Absolutely, I will go down that route if needed, just want to try a couple of ideas first.

 

On 12/4/2018 at 6:58 AM, DDW said:

Some sail drives are meant to be electrically isolated from the engine and the rest of the grounding system. Often in installation or subsequently this isolation Is breached. One thing I'd do is check with an ohmmeter and make sure they are still isolated.

You see, that's an interest angle here, as I went around the boat with the ohmmeter, I got a reading between the bare carbon hull and the drive, the engine, the rudder stock etc... it seems like my entire boat is a huge battery with both the sail drive and rudder stock being the 2 electrodes!

 

On 12/4/2018 at 4:50 AM, Baldur said:

I am not sure what your complete solution is. But if you are at RHKYC that place is hot as aych eee double chopsticks. Crimeny, you've got 220v power supply to a couple hundred mooring balls that are like 30+ years old. 

Hopefully that may help someone t/s the problem. 

 That marina eats metal for fun I think. Also very warm and very polluted.

 

Yes, RHKYC marina in causeway bay, indeed, very hot, polluted and with so much works and power running in the water, I wonder if the entire place is not a power plant! 

And, yes I use the right anode and change it regularly but I don't see the anode being "eaten away" faster than the sail drive.

On 12/4/2018 at 12:25 AM, TQA said:

I don't know if CF hulls need to be treated differently but I would think not.

The basic test for a 'hot' marina involves measuring the current in the main ground wire. 

You could ask fellow boaters if their zincs are requiring frequent replacement. Also if there are any ali bottomed RIBS ask the owners if they are having issues with corrosion. I have seen 2 where the bottom was eaten away in a year. A hot marina was the suspect. 

If you are plugged into shore power you want to look into using a galvanic isolator.

 

I am not connected to shore power, just a mooring in the middle of a marina.

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I had a similar problem with my carbon fibre race boat with my Yanmar SD20 sail drive. There are four preventitive actions I did to remove the problem which I believe eliminated my sail drive being eaton up :

1. I found that the carbon fibre plate installed around my sail drive was making contact with the sail drive and causing electrolysis through to the sail drive as this is the area being eaton up and disappearing. I removed the carbon plate and replaced with fibre glass plate to provide an insulator to the carbon fibre haul to the sail drive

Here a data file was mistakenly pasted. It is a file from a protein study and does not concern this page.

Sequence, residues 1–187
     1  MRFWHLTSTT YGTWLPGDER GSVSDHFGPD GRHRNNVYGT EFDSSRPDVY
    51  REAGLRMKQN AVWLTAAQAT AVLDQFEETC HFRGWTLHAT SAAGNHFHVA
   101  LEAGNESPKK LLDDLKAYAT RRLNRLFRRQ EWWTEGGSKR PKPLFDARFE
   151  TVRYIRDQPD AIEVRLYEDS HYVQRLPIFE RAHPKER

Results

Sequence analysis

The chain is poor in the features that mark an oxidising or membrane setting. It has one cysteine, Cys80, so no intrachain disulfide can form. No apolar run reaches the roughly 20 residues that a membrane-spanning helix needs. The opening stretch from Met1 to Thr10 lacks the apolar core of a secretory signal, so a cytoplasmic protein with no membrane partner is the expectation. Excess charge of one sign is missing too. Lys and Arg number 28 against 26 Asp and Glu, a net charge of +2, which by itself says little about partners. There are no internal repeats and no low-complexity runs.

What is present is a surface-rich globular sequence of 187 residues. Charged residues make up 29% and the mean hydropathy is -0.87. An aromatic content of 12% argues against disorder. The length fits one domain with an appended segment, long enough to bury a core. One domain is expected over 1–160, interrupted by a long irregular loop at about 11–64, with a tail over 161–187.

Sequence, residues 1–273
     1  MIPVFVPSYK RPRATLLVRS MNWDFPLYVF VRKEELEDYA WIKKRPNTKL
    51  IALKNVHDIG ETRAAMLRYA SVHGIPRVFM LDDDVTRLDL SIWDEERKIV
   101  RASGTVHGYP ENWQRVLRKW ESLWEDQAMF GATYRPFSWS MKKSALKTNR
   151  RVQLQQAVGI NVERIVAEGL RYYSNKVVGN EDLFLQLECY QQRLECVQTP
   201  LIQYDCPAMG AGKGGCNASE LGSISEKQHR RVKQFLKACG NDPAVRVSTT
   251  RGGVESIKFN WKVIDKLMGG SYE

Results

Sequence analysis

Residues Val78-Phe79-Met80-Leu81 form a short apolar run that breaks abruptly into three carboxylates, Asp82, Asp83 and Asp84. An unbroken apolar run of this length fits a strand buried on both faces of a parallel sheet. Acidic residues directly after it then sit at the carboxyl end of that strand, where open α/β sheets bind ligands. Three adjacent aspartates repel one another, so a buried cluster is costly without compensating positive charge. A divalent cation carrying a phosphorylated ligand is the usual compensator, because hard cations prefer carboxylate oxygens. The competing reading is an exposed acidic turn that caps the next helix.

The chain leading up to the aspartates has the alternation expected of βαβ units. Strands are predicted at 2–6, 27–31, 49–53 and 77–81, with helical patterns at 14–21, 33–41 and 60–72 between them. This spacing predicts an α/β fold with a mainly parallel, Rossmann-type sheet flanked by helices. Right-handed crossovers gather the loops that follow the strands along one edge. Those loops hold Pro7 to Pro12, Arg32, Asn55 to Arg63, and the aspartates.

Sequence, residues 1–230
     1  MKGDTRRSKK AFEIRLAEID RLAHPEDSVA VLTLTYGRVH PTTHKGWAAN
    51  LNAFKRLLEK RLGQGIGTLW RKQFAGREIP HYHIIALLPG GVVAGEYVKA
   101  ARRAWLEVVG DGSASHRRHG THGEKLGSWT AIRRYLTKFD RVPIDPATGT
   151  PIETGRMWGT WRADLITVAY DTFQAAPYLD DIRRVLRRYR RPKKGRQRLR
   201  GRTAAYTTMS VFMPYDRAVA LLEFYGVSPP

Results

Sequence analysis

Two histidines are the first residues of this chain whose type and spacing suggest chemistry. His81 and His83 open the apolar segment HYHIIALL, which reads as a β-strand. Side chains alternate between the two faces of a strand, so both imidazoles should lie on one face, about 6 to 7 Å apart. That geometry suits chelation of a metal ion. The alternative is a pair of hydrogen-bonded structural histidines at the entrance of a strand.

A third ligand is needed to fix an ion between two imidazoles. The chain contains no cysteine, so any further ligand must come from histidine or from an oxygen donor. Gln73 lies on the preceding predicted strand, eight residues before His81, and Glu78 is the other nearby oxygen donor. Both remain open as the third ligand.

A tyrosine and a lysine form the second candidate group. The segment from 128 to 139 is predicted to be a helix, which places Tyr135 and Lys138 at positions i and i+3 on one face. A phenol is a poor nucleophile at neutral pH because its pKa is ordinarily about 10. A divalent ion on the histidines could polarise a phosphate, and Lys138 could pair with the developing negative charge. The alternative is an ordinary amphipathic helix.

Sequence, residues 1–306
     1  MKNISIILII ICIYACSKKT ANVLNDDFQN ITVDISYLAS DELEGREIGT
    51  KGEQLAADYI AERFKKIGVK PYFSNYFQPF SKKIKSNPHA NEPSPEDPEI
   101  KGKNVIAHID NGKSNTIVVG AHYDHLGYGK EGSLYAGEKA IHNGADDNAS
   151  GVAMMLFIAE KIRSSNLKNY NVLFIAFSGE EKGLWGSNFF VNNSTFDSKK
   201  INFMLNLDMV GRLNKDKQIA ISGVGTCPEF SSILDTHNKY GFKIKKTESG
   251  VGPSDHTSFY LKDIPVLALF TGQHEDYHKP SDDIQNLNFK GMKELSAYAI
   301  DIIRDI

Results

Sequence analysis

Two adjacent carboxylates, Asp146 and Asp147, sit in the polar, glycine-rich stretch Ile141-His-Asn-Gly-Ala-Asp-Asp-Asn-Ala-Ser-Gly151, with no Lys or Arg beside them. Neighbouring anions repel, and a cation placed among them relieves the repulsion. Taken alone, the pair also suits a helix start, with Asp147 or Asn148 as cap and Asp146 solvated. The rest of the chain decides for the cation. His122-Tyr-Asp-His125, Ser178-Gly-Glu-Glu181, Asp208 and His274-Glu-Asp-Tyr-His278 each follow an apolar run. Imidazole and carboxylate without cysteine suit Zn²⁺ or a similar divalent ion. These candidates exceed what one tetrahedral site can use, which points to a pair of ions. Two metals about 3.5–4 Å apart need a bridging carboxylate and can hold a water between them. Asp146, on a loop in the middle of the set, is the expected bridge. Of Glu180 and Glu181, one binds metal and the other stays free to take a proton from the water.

2. Installed a 0VDC isolator from all my batteries to avoid any stray currents from the batteries to the carbon haul.

3. Installed anodes on each side of the boat connected to the sail drive via a cable to one of the bolts. This was only when moored.

4. Use probspeed on the prob which is a 3 blade Gori racing version

the problem has all gone away as a result of these changes with minimal loss of anodes on my sail drive. The carbon fibre boat next to me had a similar issue and the owner only installed 0VDC isolators on his batteries and I believe his issues also went away.

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When CF and Aluminium meet, does the CF get eaten away? All the literature I find says it corrodes the Al; close up pics of eaten aluminium. What happens to the CF?

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According to the galvanic table, carbon eats everything - even platinum

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20 minutes ago, SloopJonB said:

According to the galvanic table, carbon eats everything - even platinum

Carbon just edges out Ti

A galvanic series has been drawn up for metals and alloys in seawater, which shows their relative nobility. The series is based on corrosion potential measurements in seawater. The relative position of the materials can change in other environments. The further apart the materials are in this series, the higher the risk of galvanic corrosion. (reference)

Most cathodic, noble, or resistant to corrosion

Platinum

Gold

Graphite

Titanium

Silver

/ Chlorimet 3

\ Hastelloy C

/ 18-8 Mo stainless steel (passive)

| 18-8 stainless steel (passive)

\ Chromium steel >11 % Cr (passive)

/ Inconel (passive)

\ Nickel (passive)

/ Silver solder

| Monel

| Bronzes

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Gotta start making those solid gold saildrives now.

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The carbon just sits. It will dissolve aluminum. Stainless steel + carbon isn't very safe either. Titanium is good.

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1 hour ago, Zonker said: